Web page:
As Toronto’s new mayor strides briskly to a mid-morning meeting with some economic development boosters high atop an office tower on Bay Street, he abruptly veers off the sidewalk and darts into the sluggish traffic downtown.
“You can cross wherever you want,” Tory half shouts over his shoulder, in the direction of a small retinue of handlers. “People have this misguided notion that you actually have to go to the intersection. That’s the safest way to do it. But it’s not against the law unless you’re impeding traffic.”
Almost from the moment the election results were announced, Tory has given every appearance of a guy in a hurry. Besides the endless cycle of public appearances and press availabilities and council sessions, he’s set in motion numerous studies, task forces and reviews. He attends monthly meetings of a high-level committee of city officials assigned to co-ordinate construction and unclog the roads, as well as strategy sessions with other mayors from both the region and across Canada.
And unlike his predecessor, he spends hours – often early in the morning, before the day’s agenda gets ugly – poring over the mind-numbingly detailed reports and budget documents that stream out of City Hall. It’s not just about learning the issues. Drawing on his stint as a Rogers executive, Tory has elected to be a highly visible manager, and he’s taken to cold-calling the staff members whose names appear at the bottom of reports, peppering them with queries.
Such overtures are partially to sate his curiosity about the inner workings of the byzantine bureaucracy he now oversees, and they’re also meant to signal to city staff that the chief magistrate is on the job again. Tory well knows that the recipients will tell their colleagues about such calls. His objective is to use praise and engagement as leverage to get things moving after a period when Ford routinely disparaged the civil service as self-interested, reckless and bloated.
Tory says that by the time he stands for re-election, he will want to show voters that there’s been employment growth and investment throughout the city, including its economically sluggish areas – and especially the more remote regions of Etobicoke, North York and Scarborough. As for Toronto’s stubbornly high youth unemployment rates, another major talking point for Tory during the campaign, the mayor says he’s mulling over a plan, but will likely focus on building mentoring networks. “I want to get a bunch of business leaders in the room and lock the door and say, ‘You can’t go out until you’ve talked to me about how we can better partner up.’”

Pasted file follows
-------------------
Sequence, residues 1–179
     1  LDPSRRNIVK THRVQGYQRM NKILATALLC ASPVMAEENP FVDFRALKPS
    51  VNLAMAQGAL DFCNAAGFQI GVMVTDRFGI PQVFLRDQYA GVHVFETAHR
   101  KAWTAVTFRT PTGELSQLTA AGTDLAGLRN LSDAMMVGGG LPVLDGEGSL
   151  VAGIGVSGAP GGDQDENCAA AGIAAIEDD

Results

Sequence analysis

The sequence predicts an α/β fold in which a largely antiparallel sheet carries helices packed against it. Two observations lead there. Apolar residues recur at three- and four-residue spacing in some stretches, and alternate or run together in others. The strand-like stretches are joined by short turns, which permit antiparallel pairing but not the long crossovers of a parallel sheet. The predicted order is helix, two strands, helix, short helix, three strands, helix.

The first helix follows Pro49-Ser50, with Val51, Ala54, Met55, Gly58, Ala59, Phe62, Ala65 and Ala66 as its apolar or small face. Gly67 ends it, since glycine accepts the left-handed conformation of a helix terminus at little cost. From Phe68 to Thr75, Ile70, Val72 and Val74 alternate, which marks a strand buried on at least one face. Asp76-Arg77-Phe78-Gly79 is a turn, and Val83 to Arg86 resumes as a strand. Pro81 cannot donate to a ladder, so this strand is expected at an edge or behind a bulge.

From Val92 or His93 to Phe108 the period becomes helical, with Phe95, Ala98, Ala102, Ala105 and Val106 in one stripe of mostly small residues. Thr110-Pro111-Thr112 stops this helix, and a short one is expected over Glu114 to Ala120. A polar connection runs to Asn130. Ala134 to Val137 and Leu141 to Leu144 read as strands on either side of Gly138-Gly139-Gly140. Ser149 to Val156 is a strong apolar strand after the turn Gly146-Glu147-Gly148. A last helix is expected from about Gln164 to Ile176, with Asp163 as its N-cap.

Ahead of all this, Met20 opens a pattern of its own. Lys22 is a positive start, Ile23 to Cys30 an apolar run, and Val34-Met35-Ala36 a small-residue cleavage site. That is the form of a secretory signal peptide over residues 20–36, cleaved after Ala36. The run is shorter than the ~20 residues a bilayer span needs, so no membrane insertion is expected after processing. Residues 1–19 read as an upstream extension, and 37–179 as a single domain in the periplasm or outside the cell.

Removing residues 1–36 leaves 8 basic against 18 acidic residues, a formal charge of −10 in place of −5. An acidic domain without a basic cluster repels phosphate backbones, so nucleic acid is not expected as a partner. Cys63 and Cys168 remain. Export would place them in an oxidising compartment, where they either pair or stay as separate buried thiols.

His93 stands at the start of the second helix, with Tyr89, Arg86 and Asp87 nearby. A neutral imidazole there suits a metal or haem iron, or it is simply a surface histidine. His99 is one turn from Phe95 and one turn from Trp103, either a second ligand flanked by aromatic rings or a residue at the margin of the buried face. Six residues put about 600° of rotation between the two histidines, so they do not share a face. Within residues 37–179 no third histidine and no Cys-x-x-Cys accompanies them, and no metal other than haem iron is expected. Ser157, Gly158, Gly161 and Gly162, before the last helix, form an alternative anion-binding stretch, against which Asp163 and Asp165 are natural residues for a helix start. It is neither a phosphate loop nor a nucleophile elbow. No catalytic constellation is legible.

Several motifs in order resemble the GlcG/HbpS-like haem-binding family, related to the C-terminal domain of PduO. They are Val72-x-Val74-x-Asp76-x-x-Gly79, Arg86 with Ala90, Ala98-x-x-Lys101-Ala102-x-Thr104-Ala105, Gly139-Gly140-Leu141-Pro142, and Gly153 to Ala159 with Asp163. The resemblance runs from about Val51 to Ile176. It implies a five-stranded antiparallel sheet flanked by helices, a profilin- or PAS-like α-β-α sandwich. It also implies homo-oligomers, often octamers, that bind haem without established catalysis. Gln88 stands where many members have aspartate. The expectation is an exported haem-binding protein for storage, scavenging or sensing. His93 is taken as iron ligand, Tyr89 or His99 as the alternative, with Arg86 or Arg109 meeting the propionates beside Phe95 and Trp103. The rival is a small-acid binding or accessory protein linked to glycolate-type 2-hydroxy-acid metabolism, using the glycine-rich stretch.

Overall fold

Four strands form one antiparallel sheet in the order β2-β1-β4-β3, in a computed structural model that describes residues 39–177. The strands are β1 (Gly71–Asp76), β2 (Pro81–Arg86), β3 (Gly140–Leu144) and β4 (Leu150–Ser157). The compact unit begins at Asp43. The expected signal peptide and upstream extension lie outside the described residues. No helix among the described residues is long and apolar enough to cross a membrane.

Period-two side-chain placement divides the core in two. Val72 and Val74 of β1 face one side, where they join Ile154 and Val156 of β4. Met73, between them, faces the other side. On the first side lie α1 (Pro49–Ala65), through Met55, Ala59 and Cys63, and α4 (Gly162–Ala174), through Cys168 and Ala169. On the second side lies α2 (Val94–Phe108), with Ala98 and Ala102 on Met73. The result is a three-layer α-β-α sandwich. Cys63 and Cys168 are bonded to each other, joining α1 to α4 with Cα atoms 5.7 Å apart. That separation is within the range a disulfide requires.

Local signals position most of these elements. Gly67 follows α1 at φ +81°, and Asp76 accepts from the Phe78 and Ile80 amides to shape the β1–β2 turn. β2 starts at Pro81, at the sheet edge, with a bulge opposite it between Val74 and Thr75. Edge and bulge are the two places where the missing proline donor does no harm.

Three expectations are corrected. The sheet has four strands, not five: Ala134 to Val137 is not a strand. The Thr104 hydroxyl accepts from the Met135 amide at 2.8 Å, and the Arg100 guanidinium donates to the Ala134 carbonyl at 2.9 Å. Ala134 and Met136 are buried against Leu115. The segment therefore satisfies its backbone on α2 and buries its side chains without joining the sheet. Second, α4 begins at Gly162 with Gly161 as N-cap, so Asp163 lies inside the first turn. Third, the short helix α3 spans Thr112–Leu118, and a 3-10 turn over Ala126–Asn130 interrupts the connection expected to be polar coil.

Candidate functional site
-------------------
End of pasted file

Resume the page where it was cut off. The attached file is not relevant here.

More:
A critically short supply of affordable housing is another famously intractable issue that Tory has pledged to tackle. “All the bills are going to come due at once,” observes Zack Taylor, a professor in UTSC’s City Studies program, noting that the capital repair backlog for Toronto Community Housing represents a financially crushing pressure by itself. “That is the major problem for the next two terms.” He also notes that Toronto’s housing woes aren’t just about long waiting lists for subsidized apartments. They extend into the private market, where young people hand over huge sums for tiny condos and single family homes become far too expensive for all but the most affluent. “If we become London, where kindergarten teachers and bus drivers have to commute from the back of beyond to work those jobs in the centre, we become an even more spatially divided society.”